Once we got the beds all made and the backhoe returned to the rental company, we set about planting. I knew I needed to plant things very close together. The whole goal is to crowd your plants in there so that very little light gets down to the soil, and the weeds are shaded out. I think I went a little overboard with this, because I had so many plants in there, the crop couldn’t size in a normal way. Everything ended up long and stretched out, due to lack of light and overcrowding. To make matters worse, we started to get fungal diseases on the lower leaves of some of our plants, because there was absolutely no air flow through the plants, since they were so tightly spaced. I had to go in there and grab out handfuls of crop and remove it to make more room for airflow and normal crop development. I nearly threw my back out trying to get things harvested and removing too tight plants, because these beds were about 4 feet wide. I couldn’t reach to the middle without extreme stretching (remember you can’t walk on these beds). Fail again!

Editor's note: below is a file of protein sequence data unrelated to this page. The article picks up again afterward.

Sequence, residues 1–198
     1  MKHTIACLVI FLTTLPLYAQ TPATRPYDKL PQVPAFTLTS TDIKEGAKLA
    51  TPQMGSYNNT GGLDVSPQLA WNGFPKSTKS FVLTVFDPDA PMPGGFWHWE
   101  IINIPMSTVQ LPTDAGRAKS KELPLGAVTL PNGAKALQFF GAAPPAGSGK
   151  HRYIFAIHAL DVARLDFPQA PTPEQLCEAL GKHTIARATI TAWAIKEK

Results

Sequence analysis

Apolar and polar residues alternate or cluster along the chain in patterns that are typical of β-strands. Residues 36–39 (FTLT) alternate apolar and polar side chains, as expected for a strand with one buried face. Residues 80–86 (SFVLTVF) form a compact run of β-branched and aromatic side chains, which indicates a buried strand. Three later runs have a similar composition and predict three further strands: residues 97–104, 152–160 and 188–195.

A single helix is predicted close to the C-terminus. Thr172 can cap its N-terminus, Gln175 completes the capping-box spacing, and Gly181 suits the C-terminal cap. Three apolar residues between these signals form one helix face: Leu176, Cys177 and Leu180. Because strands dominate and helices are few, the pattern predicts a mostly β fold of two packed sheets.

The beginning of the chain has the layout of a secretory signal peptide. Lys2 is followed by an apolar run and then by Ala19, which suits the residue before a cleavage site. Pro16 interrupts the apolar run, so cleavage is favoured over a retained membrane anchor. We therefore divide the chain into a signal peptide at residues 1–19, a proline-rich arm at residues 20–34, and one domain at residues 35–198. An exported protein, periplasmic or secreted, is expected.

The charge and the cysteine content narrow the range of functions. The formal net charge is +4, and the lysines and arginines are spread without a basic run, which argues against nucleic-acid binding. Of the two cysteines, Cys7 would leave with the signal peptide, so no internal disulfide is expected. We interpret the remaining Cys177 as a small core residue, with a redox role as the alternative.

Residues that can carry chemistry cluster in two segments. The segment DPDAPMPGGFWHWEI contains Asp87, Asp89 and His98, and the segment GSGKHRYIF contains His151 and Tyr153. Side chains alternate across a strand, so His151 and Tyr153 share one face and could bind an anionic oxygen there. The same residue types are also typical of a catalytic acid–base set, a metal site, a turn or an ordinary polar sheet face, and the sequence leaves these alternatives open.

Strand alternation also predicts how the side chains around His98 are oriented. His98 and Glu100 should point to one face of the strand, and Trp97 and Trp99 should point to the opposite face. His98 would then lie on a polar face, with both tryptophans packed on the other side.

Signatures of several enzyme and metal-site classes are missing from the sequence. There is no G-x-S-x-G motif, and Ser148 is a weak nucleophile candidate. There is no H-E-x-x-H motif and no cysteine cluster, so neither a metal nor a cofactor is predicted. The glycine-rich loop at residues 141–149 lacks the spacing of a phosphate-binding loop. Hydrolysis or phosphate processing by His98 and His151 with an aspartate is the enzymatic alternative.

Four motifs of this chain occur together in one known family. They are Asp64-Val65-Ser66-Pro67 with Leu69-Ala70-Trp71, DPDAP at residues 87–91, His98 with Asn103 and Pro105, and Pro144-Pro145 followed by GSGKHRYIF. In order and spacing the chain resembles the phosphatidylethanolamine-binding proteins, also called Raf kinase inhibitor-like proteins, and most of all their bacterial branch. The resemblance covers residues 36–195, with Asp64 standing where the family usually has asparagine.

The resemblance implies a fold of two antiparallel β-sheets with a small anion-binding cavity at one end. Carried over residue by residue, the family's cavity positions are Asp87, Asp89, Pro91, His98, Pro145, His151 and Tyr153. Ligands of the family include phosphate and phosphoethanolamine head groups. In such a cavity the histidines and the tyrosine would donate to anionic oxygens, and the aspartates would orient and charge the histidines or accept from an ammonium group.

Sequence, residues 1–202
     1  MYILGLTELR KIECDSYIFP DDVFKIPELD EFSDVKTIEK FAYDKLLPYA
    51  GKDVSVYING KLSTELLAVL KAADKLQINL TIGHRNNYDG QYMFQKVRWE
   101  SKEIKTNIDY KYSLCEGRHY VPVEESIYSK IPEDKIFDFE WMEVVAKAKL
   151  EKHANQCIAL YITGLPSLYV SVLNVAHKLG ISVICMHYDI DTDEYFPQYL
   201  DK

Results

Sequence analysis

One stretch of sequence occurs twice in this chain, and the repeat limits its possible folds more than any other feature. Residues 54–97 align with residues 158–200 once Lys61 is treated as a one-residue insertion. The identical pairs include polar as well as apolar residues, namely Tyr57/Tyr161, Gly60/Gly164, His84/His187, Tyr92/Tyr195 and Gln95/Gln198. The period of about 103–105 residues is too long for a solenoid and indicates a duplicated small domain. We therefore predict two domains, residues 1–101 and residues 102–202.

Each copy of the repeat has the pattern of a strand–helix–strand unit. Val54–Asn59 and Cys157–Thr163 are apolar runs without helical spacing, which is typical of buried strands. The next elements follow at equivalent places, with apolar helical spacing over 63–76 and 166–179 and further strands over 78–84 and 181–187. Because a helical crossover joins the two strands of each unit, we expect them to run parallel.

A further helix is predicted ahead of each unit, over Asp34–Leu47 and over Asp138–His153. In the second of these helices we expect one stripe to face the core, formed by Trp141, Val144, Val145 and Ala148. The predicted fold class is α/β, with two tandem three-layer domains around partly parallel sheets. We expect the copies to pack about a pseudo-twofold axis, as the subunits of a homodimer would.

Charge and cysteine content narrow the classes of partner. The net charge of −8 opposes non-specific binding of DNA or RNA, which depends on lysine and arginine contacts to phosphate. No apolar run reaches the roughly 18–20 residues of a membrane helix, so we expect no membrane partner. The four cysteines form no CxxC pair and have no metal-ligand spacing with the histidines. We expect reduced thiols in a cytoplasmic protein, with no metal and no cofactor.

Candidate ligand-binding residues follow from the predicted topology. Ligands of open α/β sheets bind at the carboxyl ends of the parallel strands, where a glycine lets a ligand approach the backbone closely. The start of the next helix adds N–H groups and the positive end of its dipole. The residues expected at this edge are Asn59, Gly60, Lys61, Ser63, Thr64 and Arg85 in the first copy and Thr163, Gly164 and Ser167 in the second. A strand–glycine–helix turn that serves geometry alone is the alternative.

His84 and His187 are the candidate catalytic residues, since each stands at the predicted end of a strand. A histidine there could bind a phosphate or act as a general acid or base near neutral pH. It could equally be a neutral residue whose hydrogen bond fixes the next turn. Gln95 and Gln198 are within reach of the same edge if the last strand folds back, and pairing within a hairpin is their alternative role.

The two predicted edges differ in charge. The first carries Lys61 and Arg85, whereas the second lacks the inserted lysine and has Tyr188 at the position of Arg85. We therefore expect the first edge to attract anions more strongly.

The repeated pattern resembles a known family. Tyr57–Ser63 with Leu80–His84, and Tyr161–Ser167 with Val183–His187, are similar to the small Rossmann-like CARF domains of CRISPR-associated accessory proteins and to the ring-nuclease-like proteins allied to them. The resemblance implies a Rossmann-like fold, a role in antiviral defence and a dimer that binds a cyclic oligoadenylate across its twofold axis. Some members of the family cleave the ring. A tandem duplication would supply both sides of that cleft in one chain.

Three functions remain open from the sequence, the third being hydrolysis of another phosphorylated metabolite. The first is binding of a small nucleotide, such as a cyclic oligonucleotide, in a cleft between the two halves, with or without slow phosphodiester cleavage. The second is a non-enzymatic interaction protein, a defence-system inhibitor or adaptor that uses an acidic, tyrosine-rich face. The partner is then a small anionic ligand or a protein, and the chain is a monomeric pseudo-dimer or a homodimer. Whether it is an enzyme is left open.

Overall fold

The last thing I did was try to companion plant. To accomplish this, I planted one type of crop on one side of the bed, and another on the other side of the bed. I also tried to make no more than 50 feet of any crop. This also was a problem because it meant that when it was time to harvest lettuce, we had to skip around to several different areas to find it. Jay was really frustrated because it seemed like the only one who knew where anything was located was me! I constantly had to be there to show Jay or our crew where to find the crop I wanted them to work in or harvest. Again, fail!